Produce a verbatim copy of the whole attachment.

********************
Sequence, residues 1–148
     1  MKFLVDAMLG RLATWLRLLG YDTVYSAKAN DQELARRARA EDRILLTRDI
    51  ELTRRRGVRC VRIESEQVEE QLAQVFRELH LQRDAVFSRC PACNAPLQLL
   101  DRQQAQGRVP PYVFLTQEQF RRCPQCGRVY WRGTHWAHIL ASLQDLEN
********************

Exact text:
Sequence, residues 1–148
     1  MKFLVDAMLG RLATWLRLLG YDTVYSAKAN DQELARRARA EDRILLTRDI
    51  ELTRRRGVRC VRIESEQVEE QLAQVFRELH LQRDAVFSRC PACNAPLQLL
   101  DRQQAQGRVP PYVFLTQEQF RRCPQCGRVY WRGTHWAHIL ASLQDLEN